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Kristian Stout headshot

Director of Innovation Policy

Kristian Stout, ICLE's Director of Innovation Policy is an expert in intellectual property, antitrust, telecommunications, and Internet governance. Kristian has been a Fellow at the Internet Law & Policy Foundry, as well as the Eagleton Institute of Politics. Before practicing law, Kristian worked as a technology entrepreneur and a lecturer in the Computer Science Department at Rutgers University.

Geoffrey A. Manne headshot

President and Founder

Geoffrey A. Manne is president and founder of the International Center for Law and Economics (ICLE), a nonprofit, nonpartisan research center based in Portland, Oregon. He is also a distinguished fellow at Northwestern University’s Center on Law, Business, and Economics. Previously he taught at Lewis & Clark Law School. Prior to teaching, Manne practiced antitrust law at Latham & Watkins, clerked for Hon. Morris S. Arnold on the 8th Circuit Court of Appeals, and worked as a research assistant for Judge Richard Posner. He was also once (very briefly) employed by the FTC. Manne holds AB & JD degrees from the University of Chicago.

Antitrust

Antitrust Duty to Deal & Essential Facilities EU Intermediary Liability Market Definition

ICLE Issue Brief

Amazon is not essential, except to the EU’s flawed investigations

Summary

Amazon has largely avoided the crosshairs of antitrust enforcers to date (leaving aside the embarrassing dangerous threats of arbitrary enforcement by some US presidential candidates). The reasons seem obvious: in the US it handles a mere 5% of all retail sales (with lower shares in the EU), and it consistently provides access to a wide array of affordable goods. Yet even with Amazon’s obvious lack of dominance in the general retail market, the EU and some of its member states are opening investigations.

This isn’t new: the EU and its member states have pursued many competition claims against the big tech platforms. In the last two years alone, the EU imposed over $9B USD in fines on Google for “harms” that were highly speculative and hard to square with concern for consumers.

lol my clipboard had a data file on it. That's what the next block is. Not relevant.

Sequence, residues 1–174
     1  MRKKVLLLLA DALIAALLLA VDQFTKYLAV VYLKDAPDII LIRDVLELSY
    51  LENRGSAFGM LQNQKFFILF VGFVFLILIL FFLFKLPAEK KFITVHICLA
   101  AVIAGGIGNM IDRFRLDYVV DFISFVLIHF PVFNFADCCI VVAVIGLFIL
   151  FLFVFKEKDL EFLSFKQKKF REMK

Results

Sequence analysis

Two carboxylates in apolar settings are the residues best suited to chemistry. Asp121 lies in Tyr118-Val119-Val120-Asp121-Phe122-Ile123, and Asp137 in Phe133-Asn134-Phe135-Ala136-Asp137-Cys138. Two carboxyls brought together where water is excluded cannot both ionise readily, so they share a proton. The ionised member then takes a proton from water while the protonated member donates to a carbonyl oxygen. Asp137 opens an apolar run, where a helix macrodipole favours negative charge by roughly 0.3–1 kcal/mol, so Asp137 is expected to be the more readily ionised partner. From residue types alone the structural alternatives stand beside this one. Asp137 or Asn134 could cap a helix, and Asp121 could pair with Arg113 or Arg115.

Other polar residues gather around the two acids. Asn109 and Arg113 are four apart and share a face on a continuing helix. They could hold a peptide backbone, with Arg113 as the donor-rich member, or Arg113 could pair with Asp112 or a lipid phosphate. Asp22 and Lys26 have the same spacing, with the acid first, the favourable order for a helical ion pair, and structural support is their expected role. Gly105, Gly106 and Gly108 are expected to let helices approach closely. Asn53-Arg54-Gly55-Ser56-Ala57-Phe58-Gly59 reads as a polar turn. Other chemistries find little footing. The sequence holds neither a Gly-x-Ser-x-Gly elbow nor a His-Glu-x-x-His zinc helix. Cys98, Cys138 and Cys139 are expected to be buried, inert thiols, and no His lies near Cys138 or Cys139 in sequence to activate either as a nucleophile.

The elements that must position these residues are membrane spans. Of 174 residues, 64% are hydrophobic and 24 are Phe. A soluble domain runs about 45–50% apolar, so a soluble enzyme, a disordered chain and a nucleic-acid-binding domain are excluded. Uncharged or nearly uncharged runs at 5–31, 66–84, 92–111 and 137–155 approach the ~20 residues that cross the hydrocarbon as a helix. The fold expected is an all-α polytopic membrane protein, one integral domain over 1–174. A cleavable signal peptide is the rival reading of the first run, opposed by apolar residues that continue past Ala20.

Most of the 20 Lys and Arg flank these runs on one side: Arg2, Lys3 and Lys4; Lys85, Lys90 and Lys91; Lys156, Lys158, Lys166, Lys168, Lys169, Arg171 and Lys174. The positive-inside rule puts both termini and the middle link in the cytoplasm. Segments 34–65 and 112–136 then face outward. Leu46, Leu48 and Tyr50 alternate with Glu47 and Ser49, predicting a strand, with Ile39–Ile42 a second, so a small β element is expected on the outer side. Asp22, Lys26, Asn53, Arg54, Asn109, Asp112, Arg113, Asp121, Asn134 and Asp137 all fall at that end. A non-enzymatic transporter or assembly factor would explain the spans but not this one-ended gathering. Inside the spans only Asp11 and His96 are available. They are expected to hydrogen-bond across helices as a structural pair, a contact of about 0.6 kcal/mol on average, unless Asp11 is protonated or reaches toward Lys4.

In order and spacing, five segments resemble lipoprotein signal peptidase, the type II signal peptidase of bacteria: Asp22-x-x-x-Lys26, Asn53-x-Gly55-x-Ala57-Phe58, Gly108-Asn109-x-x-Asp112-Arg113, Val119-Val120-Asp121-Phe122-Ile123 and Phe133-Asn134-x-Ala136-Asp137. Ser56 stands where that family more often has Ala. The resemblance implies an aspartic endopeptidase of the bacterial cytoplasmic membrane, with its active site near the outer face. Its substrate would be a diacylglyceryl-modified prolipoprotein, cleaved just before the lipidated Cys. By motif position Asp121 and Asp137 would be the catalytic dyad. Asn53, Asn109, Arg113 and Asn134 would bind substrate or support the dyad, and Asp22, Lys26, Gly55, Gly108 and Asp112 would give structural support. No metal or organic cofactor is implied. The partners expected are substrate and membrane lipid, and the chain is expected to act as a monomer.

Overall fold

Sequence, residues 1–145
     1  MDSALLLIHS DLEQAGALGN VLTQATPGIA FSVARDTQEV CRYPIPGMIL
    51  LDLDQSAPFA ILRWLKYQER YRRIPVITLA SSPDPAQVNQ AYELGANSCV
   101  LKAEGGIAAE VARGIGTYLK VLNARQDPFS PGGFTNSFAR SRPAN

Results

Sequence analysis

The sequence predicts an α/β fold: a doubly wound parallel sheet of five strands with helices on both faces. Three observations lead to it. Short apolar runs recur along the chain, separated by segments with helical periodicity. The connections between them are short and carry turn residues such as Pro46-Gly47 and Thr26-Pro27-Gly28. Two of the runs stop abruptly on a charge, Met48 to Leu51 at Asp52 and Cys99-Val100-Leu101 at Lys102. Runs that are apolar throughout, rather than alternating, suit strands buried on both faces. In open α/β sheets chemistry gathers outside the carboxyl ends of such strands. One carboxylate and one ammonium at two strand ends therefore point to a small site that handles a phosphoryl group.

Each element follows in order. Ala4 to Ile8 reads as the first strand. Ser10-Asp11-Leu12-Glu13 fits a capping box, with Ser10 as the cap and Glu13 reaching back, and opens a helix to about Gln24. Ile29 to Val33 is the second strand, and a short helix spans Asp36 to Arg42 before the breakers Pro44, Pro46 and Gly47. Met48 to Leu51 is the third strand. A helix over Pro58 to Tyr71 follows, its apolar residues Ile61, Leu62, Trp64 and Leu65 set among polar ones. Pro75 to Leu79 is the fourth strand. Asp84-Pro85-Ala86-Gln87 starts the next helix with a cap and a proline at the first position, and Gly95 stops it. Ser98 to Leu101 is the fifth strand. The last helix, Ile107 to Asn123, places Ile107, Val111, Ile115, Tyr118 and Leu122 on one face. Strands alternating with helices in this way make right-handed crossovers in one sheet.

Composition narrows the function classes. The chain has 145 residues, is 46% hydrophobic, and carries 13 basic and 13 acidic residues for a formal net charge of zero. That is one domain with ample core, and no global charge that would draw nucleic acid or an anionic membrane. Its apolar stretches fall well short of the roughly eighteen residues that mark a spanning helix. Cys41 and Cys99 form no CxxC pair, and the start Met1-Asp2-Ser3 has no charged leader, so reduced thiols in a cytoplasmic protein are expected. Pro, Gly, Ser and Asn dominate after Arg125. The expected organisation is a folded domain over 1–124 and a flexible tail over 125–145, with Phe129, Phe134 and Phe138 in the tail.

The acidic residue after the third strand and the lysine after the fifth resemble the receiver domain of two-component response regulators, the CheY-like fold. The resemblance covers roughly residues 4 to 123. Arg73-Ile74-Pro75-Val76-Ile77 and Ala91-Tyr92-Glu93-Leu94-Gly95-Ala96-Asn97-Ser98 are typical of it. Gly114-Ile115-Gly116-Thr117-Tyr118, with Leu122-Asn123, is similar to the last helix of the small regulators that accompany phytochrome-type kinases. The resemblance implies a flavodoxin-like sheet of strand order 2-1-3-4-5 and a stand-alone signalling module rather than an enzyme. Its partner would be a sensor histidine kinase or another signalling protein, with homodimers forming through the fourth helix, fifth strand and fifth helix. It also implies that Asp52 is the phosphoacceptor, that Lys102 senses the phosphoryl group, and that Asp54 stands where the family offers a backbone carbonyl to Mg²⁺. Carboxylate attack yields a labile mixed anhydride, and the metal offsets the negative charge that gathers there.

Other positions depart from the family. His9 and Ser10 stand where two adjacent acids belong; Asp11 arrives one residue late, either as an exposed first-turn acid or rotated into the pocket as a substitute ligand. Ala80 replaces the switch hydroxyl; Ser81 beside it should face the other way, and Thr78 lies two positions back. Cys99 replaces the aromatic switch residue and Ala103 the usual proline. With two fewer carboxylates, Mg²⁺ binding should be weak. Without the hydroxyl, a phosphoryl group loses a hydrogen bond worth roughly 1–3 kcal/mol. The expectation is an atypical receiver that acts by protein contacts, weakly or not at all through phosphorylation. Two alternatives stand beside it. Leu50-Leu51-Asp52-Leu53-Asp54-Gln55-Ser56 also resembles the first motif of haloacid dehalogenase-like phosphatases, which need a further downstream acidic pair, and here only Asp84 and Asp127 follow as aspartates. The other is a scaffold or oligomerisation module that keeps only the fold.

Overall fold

The theories of harm in the pending investigations of Amazon demonstrate some of the same confused antitrust theories that cropped up in the EU Google Shopping case. Platforms like Amazon and Google are criticized for allegedly discriminating against certain platform users who are also competitors or potential competitors of one or more of the platform’s services (or, in some cases, the platform itself).

Commissioner Margarethe Vestager’s probe into Amazon came to light in September, and centers on whether Amazon is illegally using its dominant position vis-á-vis third party merchants on its platforms in order to obtain data that it then uses either to promote its own direct sales, or else to develop competing products under its private label brands. More recently, Austria and Germany have launched separate investigations of Amazon rooted in much the same concerns as those of the European Commission.

The Austrian investigation will examine “whether Amazon abused its dominant position against retailers, that are active on the Amazon market place.” According to Andreas Mundt, president of the German competition authority, “Amazon functions as a kind of ‘gatekeeper’ [for sellers’ access] to customers. Its double role as the largest retailer and largest marketplace has the potential to hinder other sellers on its platform.” The German investigation also focuses on whether the terms of the contractual relationships that third-party sellers enter into with Amazon are unfair because these sellers are “dependent” on it.

Claims of competitive harm arising from this so-called vertical discrimination or bias are light on both theory and empirics. One of the fundamental, erroneous assumptions upon which they are built is the alleged “essentiality” of the underlying platform or input. But these cases are more often based on stories of firms that, unfortunately, chose to build their businesses to rely on a specific platform. In other words, their own decisions — from which they substantially benefited — made their investments highly “asset specific” and thus vulnerable to otherwise avoidable risks. When a platform on which these businesses rely makes a disruptive move, the third parties cry foul, even though the platform was not — nor should have been — under any obligation to preserve the status quo on behalf of third parties.

This issue brief explores the flaws in designating Amazon as something like an “essential facility,” as well as the attendant errors of treating the distribution mechanism of Internet-based commerce as though it were a market definition, and the problems with failing to learn the innovation-damaging effects of the Microsoft case.

Click here to read the full issue brief.